In Episode 43 of the Genealogy Gems Podcast this week I shared an email from a listener who told us about how thrilled she was to find the location of the homestead of one of her ancestors. It can be really exciting to stand on the very spot where your ancestors once dwelled.
Now ask yourself:
How far would you be willing to go and how much would you be willing to do to locate an ancestor's homeland?
I also told you in Episode 43 that my daughter Lacey and I had an opportunity to visit with Tyler MacNiven, and that I would be blogging about that this week. If his name sounds familiar to you, it's probably because he and his friend BJ were million dollar winners of the CBS television show The Amazing Race. (Think "the Hippies").
Well, Lacey and I discovered that Tyler took an extraordinary ancestral journey that I think is probably one of a kind. In fact, I don’t know anyone who has done what Tyler has in order to find an ancestor's place of origin!
Tyler MacNiven walked 2000 miles...from the bottom of Japan to the very top! It was a five-month odyssey to find his American father's Japanese birthplace. (And also, Tyler admits, to impress a Japanese girl that he had his eye on!) Best of all, he meticulously filmed his journey which is available as the film Kintaro Walks Japan.
"My first trip to Japan in 2002 led me on a fairytale-like escapade through the rolling Japanese countryside." says McNiven. "My new friend Kobo The Clown dubbed me Kintarō (金太郎), which means ‘golden boy’ because of my crazy blond Californian locks. Kintaro is a legendary boy who was known to have great strength, wrestle bears, and befriend all the animals of the forest. Kobo took me to his clown commune where I spent two days balancing on the tight rope, learning to toss Japanese clowns, and drifting off to sleep to the sound of clattering juggling pins. Japan and I were instant friends, and I had to go back."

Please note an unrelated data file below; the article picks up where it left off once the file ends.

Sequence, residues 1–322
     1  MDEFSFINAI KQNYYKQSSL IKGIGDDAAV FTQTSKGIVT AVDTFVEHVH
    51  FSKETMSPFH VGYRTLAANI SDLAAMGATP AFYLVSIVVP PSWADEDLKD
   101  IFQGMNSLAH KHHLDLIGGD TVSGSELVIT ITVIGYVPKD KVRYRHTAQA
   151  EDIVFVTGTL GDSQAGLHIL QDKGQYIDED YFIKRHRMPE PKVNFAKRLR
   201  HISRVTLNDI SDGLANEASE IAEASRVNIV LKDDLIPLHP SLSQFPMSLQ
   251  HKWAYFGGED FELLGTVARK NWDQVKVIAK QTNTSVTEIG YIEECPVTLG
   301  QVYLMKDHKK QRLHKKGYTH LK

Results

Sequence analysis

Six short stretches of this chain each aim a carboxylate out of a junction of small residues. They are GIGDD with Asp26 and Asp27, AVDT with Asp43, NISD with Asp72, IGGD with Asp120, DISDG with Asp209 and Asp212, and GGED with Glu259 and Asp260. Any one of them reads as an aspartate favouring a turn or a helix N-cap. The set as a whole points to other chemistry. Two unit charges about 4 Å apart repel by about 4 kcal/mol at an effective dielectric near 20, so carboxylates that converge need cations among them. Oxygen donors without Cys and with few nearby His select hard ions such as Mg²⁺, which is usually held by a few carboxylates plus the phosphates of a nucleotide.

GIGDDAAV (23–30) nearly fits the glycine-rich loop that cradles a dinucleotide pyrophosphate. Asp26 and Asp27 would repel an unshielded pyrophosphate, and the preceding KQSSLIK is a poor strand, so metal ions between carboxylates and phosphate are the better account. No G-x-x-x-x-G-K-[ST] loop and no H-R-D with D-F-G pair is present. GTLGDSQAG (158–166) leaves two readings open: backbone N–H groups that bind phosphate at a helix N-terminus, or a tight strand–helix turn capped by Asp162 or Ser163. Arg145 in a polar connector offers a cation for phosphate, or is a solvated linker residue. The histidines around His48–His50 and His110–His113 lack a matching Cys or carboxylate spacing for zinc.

MacNiven embodied much of that strength of character as he strode the Japanese landscape, and like Kintaro, became a bit of a celebrity to the Japanese people while doing it.
"I thought that it would be a good chance to find my Father’s birthplace in Japan’s northern most island, Hokkaido. His parents had been Presbyterian missionaries in Hokkaido for two years, giving birth to the Big Cheese (Tyler's dad) there. Soon after returning to the U.S., Grandpa died and all the information of my father’s birthplace slowly evaporated. All except one sketch Grandma drew of a distinct coastal scene near where they were living."
Armed with just that pencil drawing from his Grandmother he made the trip, along the way arm wrestling 100-year old ladies, and dodging trains in tunnels!
A bit of wackiness definitely flows through the MacNiven DNA. Tyler's dad Jamis runs a restaurant here in the Bay Area called Buck's of Woodside, their motto being "Flapjacks and Tomfoolery".
You can watch Kintaro Walks Japan on Google Video, and purchase your own copy of the DVD at the Kintaro Walks Japan website. It's a funny and inspirational film the whole family will enjoy!